The writing is good, the characters well portrayed and I found the dialogue suprisingly natural and believable. But it is still the plot which I enjoyed the most. Definitely worth a read (unless you are a serious Greek scholar in which case try the modern day legend - with a predictably philosophical title - You Only Live Once by Katie Price).

Friday, 6 July 2012

Charlotte Street by Danny Wallace

Really enjoyed this book. If I ever laughed out loud in real life I would have laughed out loud at this. At one point I involuntary approximated a smirk, which is my equivalent.

It is a novel about a man who finds himself in possession of a beautiful girl's disposable camera. He develops it and begins a quest to find her. I know it sounds horribly girly but it isn't. It is a wonderfully touching, humorous and intelligent novel about relationships.... so not girly at all.

Fifty Shades of Grey by El James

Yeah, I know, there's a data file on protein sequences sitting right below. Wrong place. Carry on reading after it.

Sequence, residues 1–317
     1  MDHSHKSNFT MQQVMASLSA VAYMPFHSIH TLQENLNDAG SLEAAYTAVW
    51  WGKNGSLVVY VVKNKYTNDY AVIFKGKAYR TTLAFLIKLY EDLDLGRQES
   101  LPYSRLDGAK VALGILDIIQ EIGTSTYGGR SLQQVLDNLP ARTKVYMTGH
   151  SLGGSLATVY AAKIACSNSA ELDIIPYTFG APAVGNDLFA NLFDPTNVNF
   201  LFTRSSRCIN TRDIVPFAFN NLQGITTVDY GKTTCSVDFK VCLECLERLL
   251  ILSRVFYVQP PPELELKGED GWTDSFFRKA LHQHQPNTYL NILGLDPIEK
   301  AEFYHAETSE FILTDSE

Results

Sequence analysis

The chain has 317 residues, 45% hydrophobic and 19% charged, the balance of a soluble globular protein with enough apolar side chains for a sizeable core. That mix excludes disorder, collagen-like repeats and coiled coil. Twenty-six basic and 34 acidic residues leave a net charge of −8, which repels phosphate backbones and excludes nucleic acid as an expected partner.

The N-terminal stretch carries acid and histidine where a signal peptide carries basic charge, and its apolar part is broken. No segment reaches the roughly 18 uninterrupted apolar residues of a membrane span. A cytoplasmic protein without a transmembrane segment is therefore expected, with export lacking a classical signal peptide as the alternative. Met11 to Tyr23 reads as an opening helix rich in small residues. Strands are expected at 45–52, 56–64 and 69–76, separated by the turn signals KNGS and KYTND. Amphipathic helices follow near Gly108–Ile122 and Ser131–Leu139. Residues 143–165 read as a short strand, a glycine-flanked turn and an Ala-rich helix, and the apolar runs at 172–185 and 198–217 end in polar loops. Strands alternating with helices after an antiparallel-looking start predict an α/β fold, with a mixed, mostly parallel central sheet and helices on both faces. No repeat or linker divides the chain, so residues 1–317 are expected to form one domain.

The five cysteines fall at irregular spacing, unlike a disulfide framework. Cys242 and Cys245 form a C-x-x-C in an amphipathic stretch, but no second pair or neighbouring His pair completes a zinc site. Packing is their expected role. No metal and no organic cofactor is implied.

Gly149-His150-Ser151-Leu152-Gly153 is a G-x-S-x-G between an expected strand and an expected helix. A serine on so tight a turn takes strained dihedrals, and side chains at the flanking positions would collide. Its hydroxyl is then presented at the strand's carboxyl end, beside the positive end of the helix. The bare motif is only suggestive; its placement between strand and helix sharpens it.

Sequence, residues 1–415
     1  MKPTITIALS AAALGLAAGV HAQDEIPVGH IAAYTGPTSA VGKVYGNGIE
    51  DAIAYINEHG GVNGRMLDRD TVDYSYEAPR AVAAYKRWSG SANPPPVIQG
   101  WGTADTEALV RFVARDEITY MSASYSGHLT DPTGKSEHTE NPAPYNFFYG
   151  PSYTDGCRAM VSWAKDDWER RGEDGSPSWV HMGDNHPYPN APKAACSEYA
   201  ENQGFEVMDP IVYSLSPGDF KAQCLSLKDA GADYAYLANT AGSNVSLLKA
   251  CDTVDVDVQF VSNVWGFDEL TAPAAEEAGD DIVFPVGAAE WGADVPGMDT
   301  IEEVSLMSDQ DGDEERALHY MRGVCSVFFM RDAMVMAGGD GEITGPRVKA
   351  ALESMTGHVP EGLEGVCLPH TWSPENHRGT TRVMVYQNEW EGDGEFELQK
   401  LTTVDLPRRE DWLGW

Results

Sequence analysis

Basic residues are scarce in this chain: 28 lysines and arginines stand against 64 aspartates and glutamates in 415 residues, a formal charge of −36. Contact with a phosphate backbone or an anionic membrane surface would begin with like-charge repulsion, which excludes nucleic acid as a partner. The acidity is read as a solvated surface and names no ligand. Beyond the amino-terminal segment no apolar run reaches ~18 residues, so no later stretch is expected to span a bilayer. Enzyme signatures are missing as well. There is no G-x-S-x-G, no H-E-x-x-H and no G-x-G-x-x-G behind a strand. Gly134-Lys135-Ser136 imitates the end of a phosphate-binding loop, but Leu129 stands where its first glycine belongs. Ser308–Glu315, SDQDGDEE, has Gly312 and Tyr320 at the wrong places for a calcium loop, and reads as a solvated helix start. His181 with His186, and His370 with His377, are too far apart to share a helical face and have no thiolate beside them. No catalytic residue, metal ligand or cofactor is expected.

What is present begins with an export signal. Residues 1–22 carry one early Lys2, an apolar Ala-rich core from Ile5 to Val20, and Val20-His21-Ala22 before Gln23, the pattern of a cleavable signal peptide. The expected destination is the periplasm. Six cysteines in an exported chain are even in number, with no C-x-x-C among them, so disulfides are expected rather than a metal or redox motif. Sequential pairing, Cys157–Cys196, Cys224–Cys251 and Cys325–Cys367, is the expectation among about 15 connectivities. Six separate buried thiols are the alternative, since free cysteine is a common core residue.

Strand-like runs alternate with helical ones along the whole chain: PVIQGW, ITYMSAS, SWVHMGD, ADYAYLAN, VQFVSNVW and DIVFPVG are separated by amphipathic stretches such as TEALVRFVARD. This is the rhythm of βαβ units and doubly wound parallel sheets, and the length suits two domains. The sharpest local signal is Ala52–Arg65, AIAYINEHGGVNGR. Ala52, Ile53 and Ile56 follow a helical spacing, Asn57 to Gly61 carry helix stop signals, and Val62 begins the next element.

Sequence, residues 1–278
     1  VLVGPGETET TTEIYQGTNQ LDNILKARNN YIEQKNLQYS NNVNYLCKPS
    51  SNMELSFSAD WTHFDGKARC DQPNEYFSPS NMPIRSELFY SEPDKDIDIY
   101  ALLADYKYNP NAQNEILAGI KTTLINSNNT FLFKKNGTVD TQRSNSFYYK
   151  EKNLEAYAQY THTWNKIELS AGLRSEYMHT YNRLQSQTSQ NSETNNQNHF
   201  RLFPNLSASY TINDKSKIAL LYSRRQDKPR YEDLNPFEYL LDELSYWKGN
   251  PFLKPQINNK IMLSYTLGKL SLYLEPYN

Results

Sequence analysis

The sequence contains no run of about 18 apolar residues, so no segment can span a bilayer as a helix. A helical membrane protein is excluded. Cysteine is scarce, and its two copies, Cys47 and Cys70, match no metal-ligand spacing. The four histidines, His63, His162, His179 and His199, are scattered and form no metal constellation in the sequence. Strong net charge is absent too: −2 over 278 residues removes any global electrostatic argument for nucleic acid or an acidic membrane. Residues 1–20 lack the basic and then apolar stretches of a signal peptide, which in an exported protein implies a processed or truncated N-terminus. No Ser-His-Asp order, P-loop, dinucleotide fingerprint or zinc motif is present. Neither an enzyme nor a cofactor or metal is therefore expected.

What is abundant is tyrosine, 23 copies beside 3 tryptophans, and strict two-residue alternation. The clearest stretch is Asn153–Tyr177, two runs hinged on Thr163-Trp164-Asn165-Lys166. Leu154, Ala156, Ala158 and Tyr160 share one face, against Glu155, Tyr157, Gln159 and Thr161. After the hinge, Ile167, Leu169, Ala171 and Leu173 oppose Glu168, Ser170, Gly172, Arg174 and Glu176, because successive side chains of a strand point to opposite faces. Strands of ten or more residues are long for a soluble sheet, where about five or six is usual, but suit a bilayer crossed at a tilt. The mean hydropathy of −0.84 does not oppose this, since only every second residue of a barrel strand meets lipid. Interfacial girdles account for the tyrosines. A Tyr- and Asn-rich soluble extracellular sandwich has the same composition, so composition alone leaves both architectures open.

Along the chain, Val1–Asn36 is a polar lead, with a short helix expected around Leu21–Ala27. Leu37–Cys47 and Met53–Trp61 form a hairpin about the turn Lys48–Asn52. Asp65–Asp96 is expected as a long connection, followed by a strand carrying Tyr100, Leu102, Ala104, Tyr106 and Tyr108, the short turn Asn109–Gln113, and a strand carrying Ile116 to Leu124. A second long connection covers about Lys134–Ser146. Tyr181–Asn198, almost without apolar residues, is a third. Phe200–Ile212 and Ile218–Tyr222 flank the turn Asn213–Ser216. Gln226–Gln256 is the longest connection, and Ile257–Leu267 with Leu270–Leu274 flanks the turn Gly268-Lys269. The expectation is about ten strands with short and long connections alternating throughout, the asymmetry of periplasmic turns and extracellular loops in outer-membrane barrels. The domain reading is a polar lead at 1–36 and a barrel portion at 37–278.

This is terrible. It has no redeeming features. It is just porn. And who wants porn that goes on for over 500 pages (volume 1)? Oh. Everyone apparently.

I suppose you have to grudgingly admire her. It can't have taken longer than 3 hours to write and, apart from the inconvenience of everyone knowing your depraved, don't know any words over 2 syllables & have seemingly never read a novel, it must have set her up for life. Maybe she can afford to buy a dictionary AND a thesaurus now.

I can only pray to every god I've ever heard of, even the weird celebrity ones, that the recent craze of turning every book ever into a film, draws a very firm, very inflexible line here.

Don't read this Mum. Don't read this anyone. But especially you Mum.

Angelmaker by Nick Harkaway